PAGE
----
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Fixed Penalty Notice served on landlord - with threat of worse

Telford & Wreken council has served a fixed penalty notice on a private landlord in its patch.

The £300 fixed penalty notice was issued for - in the council’s words - “the landlord’s lack of care, after the employed unlicensed waste carrier, fly tipped items in open fields.”

Household waste including a bed, broken furniture and other items of general waste were discovered and after investigation, evidence revealed the items were linked to a property in the area.

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Council officers visiting the property subsequently found another fly tip containing further household waste and a male clearing the house on behalf of the landlord. 

As the landlord refused to provide details of the waste contractor, this resulted in a Fixed Penalty Notice being issued for Duty of Care offences.

 

 

Councillor Richard Overton, housing spokesman and deputy leader of the authority, says: “Securing a fine like this is great work by our enforcement team and helping to recoup some of the costs for clearing away the mess that created such an eye sore for residents. 

“It’s not enough for landlords to simply employ someone to dispose of waste, they must check that it will be disposed of legally. We will continue to pursue residents and businesses who avoid disposing of their waste in a legal way and remain on the side of those who do.”

He adds that offenders can, and will, be prosecuted under the Environmental Protection Act 1990.

Anyone found guilty and convicted in a Magistrates Court could face a fine of up to £50,000 and/or 12 months in prison. If convicted in a Crown Court offenders could face an unlimited fine and/or a jail sentence of up to five years.

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    Sounds fair enough, don’t give money to the feckless to get rid of your crap. We all end up paying for it in the end. The fine should have been higher.

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    I have my own waste transport licence so I dispose of waste myself, that way I know it won't end up in a farmer's field, councils and police know who the rogue operators are but as usual the dids are above the law.

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    There’s more going on here Landlords not allowed to use the Council’s waste & re-cycle facilities just like other household Council tax payers for domestic waste, mattresses etc. They are getting full C/tax from the Property regardless, sometimes paid by LL’s and if vacant higher C/tax paid for a non service. It’s rubbish to say it’s commercial waste when its the same domestic waste. They invent a big long list of domestic items classed as chargeable, no wonder there’s fly tipping. To add insult to injury Brent Council closes the waste dump facility in Abbey Road to Domestic users two in the middle of the week every week.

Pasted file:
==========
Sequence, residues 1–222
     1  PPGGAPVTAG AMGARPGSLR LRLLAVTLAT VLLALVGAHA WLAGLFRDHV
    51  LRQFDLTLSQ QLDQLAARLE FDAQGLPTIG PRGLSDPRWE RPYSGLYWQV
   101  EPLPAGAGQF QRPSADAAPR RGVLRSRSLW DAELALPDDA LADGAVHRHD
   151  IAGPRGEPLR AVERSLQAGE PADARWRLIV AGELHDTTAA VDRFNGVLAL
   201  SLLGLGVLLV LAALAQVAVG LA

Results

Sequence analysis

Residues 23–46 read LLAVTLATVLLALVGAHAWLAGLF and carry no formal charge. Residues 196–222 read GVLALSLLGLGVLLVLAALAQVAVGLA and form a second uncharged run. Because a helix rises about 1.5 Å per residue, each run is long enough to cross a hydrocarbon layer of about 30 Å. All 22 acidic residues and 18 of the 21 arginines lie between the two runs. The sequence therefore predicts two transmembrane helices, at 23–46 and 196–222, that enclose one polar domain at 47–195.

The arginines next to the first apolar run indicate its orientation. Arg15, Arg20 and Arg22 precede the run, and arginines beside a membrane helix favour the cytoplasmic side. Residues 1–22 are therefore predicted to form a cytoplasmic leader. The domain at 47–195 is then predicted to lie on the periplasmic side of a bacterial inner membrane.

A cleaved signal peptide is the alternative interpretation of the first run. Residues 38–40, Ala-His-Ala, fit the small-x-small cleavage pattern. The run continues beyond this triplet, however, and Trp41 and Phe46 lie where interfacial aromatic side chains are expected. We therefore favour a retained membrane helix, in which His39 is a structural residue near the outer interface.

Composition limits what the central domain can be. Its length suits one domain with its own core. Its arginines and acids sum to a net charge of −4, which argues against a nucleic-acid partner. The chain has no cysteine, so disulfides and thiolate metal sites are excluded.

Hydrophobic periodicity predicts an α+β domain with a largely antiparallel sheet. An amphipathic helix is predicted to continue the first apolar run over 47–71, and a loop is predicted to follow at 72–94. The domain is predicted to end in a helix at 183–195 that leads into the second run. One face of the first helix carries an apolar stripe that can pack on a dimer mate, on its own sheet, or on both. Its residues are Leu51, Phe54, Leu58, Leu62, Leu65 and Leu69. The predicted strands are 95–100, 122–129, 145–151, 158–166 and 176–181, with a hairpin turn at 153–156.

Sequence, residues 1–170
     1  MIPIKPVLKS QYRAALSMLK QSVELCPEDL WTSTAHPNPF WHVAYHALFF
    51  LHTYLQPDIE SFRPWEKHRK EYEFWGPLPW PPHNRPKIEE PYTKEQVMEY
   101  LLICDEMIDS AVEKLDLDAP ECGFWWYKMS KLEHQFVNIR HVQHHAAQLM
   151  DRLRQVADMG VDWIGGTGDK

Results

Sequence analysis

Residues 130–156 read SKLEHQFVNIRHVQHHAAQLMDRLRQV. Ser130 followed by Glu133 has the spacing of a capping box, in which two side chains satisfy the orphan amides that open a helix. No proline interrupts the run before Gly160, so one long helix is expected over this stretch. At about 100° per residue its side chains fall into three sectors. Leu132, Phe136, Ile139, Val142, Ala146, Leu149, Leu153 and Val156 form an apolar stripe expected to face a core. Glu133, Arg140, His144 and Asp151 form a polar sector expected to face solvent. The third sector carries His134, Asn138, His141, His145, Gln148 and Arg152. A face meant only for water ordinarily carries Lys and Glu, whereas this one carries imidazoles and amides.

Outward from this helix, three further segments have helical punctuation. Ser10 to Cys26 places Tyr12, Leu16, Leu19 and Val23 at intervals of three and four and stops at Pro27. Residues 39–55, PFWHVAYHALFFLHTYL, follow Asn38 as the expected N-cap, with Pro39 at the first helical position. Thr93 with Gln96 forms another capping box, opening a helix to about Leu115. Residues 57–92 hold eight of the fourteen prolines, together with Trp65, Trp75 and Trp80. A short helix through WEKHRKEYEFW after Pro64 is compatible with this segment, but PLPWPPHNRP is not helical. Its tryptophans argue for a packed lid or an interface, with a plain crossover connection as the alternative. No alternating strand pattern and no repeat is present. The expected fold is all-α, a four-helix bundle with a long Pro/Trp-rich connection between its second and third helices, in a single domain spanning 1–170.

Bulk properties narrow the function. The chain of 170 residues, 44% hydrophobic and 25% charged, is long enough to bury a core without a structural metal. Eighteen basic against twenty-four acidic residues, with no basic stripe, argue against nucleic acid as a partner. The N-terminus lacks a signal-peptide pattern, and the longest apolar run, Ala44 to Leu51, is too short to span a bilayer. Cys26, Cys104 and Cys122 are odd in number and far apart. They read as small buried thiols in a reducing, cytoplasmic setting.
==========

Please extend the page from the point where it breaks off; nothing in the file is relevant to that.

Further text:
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    There's a lot of truth in this but there are definitely two sides. Many of the dumps around us have restrictions, such as size of vehicle or exclusion of commercial waste. 100% that contributes massively to fly tipping because there are those who will always try to beat the system by doing bad things.

    But equally, I do think landlords qualify in the commercial waste category. In theory, a landlord's tenants can change repeatedly and, particularly in the student market, frequently. If you supply furniture for your tenants then it can go through multiple users before it's end of life - more than in our own homes - and come to that end of life much quicker. And this forum is full of tales of tenants not looking after the fixtures or fittings, leading to a long list of replacements prematurely. The landlord meanwhile has been housing them for commercial reasons - many landlords on here often state they aren't charities after all! (rightly so!)

    So I don't think it's clear cut to say they shouldn't be deemed commercial just because it's the same type of waste as domestic users.

     
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    Lindsey

    I don't understand why a landlord dumping a worn out sofa is commercial whereas a tenant or owner occupier doing so is domestic.